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September 2002
Success Harmony Newsletter

Who pulls you through your tough spots?"

In the summer, before the busy-ness of fall sets in again, I learn many of my coaching lessons from working with my horse. It may be odd to say that my horse teaches me a lot about working with coaching clients, but it is true. It may be simply because the horse is so full of raw emotions, and has no qualms about letting me know where she is at. When she is calm, her body language shows it. When she is afraid, she shows it, too. No excuses, no pretenses. What you see is what you get.

People are a lot more complicated. Sometimes, they feel afraid but won't say so. Sometimes, they are happy but feel it would be inappropriate to show it. Maybe that's why I find it so valuable to work with the horse, to learn about the body language of emotions, and to get immediate feedback on training techniques that make things better, and those that make things worse. More often than not, what I learn with the horse, applies to people as well.

I tried to take my horse to the beach the other day. I normally just ride in the riding ring and haven't yet bothered to take the time to teach the horse to be comfortable outside the barn. So, it shouldn't have come as much of a surprise that, as soon as my friend and I started to leave the barn, my horse got to the end of the driveway, realized that she would be asked to go away from her comfortable home, and she put on the brakes. Not just that, she put on the reverse gear and backed up. I turned her around a few times but she always got to the same spot and reversed from there. There was a very clear line of how far her comfort level extended.

Thankfully, my friend was riding a horse that was used to being used as a pony horse. When you go to a racing track, you will see a person on a bomb-proof horse, holding on to the hotblooded and spooky racehorse with a tiny jockey bobbing up and down on the way to the starting line. The calm and experienced pony horse provides a sense of comfort for the young, fearful racehorse. My friend held on to one of the reins for my horse, close to the horse's mouth, and we walked down the road - my horse close to her horse. We turned around fairly soon to get my horse a chance to get back to her sense of safety. We'll do this again, and again, and again - until there comes a time when the pony horse will not be needed at all. One step at a time.

Aren't we people just the same? Sometimes, we have our own comfort level about something and, as soon as we reach it, we put the brakes on. Sometimes, we even go into full reverse gear. Imagine a person terrified of public speaking. They will go to any length to avoid getting in front of the group. How about the salesperson who has had a streak of bad luck and no sales, and is afraid to pick up the phone to talk to the next prospect?

Most of the time, when we hit our limit, we seem completely unreasonable to everyone around us. Obviously, there are no monsters hiding on the public speaking stage. A sales prospect may say "no" or even be mean, but usually they will not get out of their seat and write a nasty front-page headline to the New York Times about a bad sales presentation. But fear is not about being reasonable. I could have talked to my horse until I was blue in the face to try convincing her that none of the houses down the road contained horse-eating aliens, but reason wouldn't have cut it. Sometimes, it just works better to have some grizzled old veteran to kindly smile and say, "hey, come along with me, I'll show you it ain't all that bad."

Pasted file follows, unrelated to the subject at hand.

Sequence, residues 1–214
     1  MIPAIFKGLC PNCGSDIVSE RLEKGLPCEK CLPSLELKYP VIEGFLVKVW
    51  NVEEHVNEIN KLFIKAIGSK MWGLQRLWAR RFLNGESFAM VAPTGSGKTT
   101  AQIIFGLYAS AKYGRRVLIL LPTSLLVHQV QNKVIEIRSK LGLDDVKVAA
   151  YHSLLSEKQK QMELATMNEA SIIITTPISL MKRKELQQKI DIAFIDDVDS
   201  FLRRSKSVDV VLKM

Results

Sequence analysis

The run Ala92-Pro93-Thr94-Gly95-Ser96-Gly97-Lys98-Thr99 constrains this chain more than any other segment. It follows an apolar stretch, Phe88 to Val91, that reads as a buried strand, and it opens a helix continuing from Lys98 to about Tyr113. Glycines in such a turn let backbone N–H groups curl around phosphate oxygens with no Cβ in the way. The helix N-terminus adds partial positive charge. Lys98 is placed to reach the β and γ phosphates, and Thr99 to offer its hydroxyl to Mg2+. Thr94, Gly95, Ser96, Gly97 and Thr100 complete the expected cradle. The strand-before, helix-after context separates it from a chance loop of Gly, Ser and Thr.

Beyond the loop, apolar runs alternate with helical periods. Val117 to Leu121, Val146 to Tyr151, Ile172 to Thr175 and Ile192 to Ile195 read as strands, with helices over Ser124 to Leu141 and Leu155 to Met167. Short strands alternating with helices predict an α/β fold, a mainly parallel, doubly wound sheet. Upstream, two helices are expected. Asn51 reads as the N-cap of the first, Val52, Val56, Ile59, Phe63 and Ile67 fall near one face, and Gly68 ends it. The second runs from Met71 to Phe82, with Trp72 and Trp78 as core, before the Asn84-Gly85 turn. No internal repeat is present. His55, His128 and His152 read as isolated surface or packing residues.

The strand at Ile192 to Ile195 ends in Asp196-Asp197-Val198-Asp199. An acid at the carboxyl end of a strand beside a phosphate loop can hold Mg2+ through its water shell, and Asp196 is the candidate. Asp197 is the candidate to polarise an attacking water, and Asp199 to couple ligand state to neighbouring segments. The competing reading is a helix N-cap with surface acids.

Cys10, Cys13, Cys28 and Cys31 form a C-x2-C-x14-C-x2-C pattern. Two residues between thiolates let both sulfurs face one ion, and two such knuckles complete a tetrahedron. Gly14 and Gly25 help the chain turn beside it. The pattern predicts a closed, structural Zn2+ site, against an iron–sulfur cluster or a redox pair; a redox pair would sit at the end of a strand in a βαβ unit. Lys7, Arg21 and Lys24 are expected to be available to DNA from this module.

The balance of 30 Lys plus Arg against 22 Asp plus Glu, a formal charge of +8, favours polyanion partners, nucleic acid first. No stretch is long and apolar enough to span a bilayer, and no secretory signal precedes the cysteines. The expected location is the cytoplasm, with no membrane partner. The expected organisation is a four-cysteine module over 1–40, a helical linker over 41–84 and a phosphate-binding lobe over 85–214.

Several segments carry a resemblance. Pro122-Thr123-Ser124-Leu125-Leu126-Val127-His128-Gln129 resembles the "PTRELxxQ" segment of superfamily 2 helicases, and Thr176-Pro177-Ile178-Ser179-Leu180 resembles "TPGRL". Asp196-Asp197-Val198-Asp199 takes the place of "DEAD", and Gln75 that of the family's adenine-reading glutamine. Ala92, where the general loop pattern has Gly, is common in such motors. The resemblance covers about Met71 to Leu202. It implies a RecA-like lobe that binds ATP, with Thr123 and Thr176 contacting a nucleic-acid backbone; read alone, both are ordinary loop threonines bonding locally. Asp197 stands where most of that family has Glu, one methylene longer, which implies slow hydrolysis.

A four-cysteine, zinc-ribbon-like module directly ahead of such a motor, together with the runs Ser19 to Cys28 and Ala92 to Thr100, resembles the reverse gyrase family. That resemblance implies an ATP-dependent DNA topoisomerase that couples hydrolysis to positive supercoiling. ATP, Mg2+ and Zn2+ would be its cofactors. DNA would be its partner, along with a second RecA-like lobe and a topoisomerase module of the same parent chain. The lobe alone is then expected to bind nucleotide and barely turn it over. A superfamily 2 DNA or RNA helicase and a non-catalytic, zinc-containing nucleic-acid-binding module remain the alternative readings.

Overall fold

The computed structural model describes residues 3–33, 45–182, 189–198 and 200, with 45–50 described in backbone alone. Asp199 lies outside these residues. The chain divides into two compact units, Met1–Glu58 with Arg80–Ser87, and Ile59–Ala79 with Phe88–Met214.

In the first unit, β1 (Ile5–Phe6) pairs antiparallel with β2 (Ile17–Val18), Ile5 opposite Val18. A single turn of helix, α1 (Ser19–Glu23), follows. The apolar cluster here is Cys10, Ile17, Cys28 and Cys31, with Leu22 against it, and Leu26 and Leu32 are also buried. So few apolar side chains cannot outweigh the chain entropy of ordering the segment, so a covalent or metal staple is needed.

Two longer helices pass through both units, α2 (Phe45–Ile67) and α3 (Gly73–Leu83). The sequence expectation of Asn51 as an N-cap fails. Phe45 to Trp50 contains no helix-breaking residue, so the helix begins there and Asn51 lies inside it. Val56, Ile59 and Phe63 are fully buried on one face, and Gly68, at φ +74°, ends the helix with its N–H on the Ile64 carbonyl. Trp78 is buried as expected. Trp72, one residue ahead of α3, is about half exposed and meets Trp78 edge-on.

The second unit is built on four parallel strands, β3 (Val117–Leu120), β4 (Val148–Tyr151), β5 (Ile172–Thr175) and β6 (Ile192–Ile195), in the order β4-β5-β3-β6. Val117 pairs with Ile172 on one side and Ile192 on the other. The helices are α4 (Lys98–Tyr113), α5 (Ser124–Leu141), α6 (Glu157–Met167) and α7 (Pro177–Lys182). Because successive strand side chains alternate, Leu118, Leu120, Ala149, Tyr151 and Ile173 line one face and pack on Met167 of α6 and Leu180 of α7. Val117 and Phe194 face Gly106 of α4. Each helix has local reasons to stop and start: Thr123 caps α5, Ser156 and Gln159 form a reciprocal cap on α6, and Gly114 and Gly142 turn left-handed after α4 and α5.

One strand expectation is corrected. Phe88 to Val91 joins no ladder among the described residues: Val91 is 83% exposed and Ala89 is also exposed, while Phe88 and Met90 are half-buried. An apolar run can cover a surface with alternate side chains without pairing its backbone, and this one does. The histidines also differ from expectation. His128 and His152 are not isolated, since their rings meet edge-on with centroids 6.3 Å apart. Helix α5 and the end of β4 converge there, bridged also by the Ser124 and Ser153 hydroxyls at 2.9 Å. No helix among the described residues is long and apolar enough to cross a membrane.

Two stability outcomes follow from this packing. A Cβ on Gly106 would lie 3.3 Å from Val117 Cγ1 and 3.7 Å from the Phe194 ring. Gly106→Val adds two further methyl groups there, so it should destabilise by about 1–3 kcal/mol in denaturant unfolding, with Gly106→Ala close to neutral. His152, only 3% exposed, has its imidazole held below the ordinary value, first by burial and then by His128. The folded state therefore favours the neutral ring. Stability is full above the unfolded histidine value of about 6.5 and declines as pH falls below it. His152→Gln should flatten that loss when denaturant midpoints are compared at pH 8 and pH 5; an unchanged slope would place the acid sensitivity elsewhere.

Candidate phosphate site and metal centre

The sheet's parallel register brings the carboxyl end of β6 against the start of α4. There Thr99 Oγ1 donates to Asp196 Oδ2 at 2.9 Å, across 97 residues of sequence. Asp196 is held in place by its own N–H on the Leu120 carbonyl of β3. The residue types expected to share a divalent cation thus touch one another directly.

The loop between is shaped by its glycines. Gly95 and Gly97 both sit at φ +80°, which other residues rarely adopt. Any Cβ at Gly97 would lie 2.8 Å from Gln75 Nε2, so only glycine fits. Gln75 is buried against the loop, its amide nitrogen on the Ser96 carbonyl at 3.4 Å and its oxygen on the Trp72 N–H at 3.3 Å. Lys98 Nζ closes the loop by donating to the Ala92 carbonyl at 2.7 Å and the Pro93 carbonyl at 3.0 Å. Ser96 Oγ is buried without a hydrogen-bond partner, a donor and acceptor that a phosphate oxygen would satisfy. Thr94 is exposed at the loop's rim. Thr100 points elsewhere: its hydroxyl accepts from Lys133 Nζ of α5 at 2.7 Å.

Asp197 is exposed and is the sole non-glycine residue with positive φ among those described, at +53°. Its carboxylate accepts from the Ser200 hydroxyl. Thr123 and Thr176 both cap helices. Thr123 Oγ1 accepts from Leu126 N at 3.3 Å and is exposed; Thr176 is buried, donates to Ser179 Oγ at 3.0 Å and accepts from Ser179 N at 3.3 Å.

Who do you have in your life who can take you beyond your limits of comfort? When you have reached all that you know on your own, and you are afraid or unsure about going forward, what will you do? Will you put on the brakes or even reverse, because you don't know how you could accomplish where you want to go? Or will you ask someone with greater experience for advice, or to even take you by the hand and take you by the hand as you go through your first few steps. All of us had that when we were young and our Moms held us by the hand as we were learning to walk.

It has been said that people are like apples, "either we are growing or we are rotting away." Growth is often uncomfortable and it often requires a pony horse to take us through the tough spots. It is rather unfortunate that our society rewards the Marlboro Man personality (you know, the lone wanderer who can do it "all by himself").

Typically, the presence of other, more experienced people can stretch us further and more quickly than we could ever dream of doing on our own. Whenever you find yourself at the end of your driveway, with your foot on the brakes and your hand about to switch into reverse, look for a pony horse! Good chances are that, soon enough, you will be wondering what all the fuss was about in the first place…


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"It is never too crowded along the extra mile."
Dr. Wayne Dyer

"You cannot play symphonies until you have first mastered the notes."
Dr. Edward L. Kramer

"Success usually comes to those who are too busy to be looking for it."
Henry David Thoreau




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© 2002 Pavla Michaela Polcarova, CPR Coaching Services, Vancouver, BC, Canada